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2015 saw the highest number of new HIV infections on record in New Zealand. Now more than ever we need to keep each other safe from HIV. If you are sexually adventurous then you have a big part to play in ending HIV in New Zealand.


Whatever you are into we want you to be having great, safe sex. Condoms provide the most effective barrier against HIV and many other STIs. They’re cheap, readily available and do a good job of keeping you safe.

PreP is a daily pill that provides protection from HIV and is an option for those who struggle with condoms. PrEP is not yet easy to access in New Zealand but work is going on behind the scenes to change this. Find out more about PrEP here.

Fucking with someone who is undetectable will eliminate your risk of HIV transmission with that partner. 

New Zealand has seen massive spikes in other STIs, so remember that PrEP and U=U only prevent HIV - keep condoms in the mix with casual partners to help prevent other STIs.


Head to our chemsex page to find a whole range of harm-reduction strategies and information.


If BDSM and kink are your bag then you’ll be no stranger to setting boundaries. Keeping everyone safe starts with consent, using safe words and signals to make sure limits are clear.

Anal sex is a big feature for many people who like to kink it up, so having condoms and lube on hand is crucial for keeping everyone safe – they still provide the best barrier against HIV and a number of other STIs.

If you are hooking up casually it’s really hard to know for sure what a person's HIV status is, or if they're undetectable. Even if they tell you they're negative, or undetectable,  it is best not to take the risk of fucking without a condom.


Anal sex without a condom is the riskiest sex act when it comes to HIV transmission – that’s because HIV can be present in cum and pre-cum and the lining of the ass is really good at absorbing the virus.

Oral sex carries a low risk of HIV transmission as saliva provides a natural barrier against the virus. There is a risk of transmission during oral sex if an open and bleeding sore comes into contact with semen containing HIV.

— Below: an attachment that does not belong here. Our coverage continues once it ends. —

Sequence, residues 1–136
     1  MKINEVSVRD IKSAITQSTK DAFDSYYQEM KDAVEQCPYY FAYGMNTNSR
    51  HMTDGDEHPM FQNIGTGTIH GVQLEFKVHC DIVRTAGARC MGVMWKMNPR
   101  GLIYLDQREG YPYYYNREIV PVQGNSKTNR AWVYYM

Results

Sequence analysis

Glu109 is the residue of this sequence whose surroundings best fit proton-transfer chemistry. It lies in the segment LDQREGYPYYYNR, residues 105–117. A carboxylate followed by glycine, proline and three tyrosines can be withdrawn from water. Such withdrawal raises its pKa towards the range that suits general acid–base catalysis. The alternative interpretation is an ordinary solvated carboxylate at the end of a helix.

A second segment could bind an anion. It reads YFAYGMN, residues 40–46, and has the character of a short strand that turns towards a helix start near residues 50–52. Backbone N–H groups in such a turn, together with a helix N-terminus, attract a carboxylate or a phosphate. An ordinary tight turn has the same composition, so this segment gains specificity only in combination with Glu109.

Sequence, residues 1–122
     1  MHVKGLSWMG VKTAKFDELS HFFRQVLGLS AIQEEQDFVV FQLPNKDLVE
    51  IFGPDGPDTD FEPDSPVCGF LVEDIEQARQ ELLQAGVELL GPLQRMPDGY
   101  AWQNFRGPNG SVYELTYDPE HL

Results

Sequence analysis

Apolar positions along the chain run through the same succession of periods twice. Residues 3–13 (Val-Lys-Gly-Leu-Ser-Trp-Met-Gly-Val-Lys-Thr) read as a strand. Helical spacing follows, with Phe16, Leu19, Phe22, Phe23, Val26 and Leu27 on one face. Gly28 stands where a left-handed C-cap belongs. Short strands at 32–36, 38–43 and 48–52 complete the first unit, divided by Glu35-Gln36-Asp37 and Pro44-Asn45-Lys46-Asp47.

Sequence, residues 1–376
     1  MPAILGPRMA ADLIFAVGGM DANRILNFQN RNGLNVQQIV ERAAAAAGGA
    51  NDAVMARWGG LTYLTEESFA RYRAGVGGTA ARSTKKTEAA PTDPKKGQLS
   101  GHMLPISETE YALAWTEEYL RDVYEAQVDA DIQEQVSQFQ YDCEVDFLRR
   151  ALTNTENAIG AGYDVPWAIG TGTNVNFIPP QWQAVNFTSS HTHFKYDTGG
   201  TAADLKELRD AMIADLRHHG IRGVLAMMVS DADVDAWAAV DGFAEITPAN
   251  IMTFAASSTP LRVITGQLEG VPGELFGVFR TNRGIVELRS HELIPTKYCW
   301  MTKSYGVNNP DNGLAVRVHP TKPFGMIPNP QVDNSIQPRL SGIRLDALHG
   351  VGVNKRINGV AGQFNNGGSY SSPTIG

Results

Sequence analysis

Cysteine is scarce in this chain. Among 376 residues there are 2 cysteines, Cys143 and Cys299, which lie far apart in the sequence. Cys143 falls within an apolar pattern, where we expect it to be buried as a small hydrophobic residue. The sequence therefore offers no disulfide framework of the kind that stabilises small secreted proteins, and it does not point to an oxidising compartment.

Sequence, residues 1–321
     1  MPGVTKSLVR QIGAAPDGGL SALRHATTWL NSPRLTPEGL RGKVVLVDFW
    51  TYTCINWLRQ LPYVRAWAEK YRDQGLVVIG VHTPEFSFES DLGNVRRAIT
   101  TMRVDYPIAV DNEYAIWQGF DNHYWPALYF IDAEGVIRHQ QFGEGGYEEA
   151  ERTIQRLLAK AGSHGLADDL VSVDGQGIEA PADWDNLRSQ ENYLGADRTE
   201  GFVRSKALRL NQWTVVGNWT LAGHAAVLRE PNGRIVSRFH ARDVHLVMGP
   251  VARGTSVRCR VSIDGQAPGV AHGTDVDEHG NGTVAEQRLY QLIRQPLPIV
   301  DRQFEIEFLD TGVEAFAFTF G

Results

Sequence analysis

You can’t get HIV from kissing someone, masturbating together, giving or receiving a hand job.

You might also draw blood during sex, especially if your sex involves whipping, piercing, tattooing or cutting. To stay safe in these scenarios, make sure that any toys that may have blood on them are not shared, or if they are shared, they are properly sterilised between users.

Branding carries no risk of HIV transmission as long as the wound is properly cauterised.

Fisting or handballing has no risk of HIV transmission, although it requires you and your partner to be very relaxed without being deadened to any sense of pain. Fisting can damage the ass if it’s too hard, fast or goes on for long periods of time.

Shit play or scat, also known as scatophilia, carries no risk of HIV, but other things can be passed on including Hepatitis A and intestinal parasites. If there are breaks in the skin, try to avoid playing near these, as this increases the chances of infection.

Into golden showers, water sports or urination during sex? HIV cannot be transmitted through urine, but other things can if urine enters the mouth, anus or comes in to contact with broken skin.

Sharing your toys? Make sure you use a new condom with each partner and wash them thoroughly with soap or disinfectant before and after each use.


If you are sexually active you need to test for HIV twice a year. Make testing for HIV part of a regular check-up for STIs. Regularly fucking casual partners without condoms? Your risk of HIV is really high - you should test every 3 months.


If keeping the rubbers on is a struggle, you may want to consider getting on PrEP. PrEP is a pill taken once a day by HIV-negative guys that radically reduces the chances that you’ll get HIV. Find out more about PrEP here.


Most people on successful treatment for HIV have full and healthy lives. Treatments these days are very effective at suppressing the virus and significantly increase life expectancy. There’s now solid evidence from the START study that getting on treatment early decreases the chances of developing conditions such as liver disease or cancer by more than 50%. Many people who start treatment early are able to achieve an undetectable viral load within 6 months of starting treatment. If you are able to maintain an undetectable viral load, there is no risk of HIV transmission through sex - even without condoms.


In New Zealand we estimate there are 3,500 people living with HIV but only around 2,059 diagnosed and on treatment. This means there are over 1,000 people living with HIV in New Zealand who haven’t started treatment. 

If you are sexually adventurous you have major role to play in shifting these numbers by staying safe and testing often. If you are diagnosed positive, then access treatment as early as possible. Encourage your friends and partner(s) to do the same.

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The NZAF is passionately committed to working hand in hand with partners and the community to end HIV in New Zealand. By staying safe, testing often and treating early we can stop HIV in its tracks. Read more...

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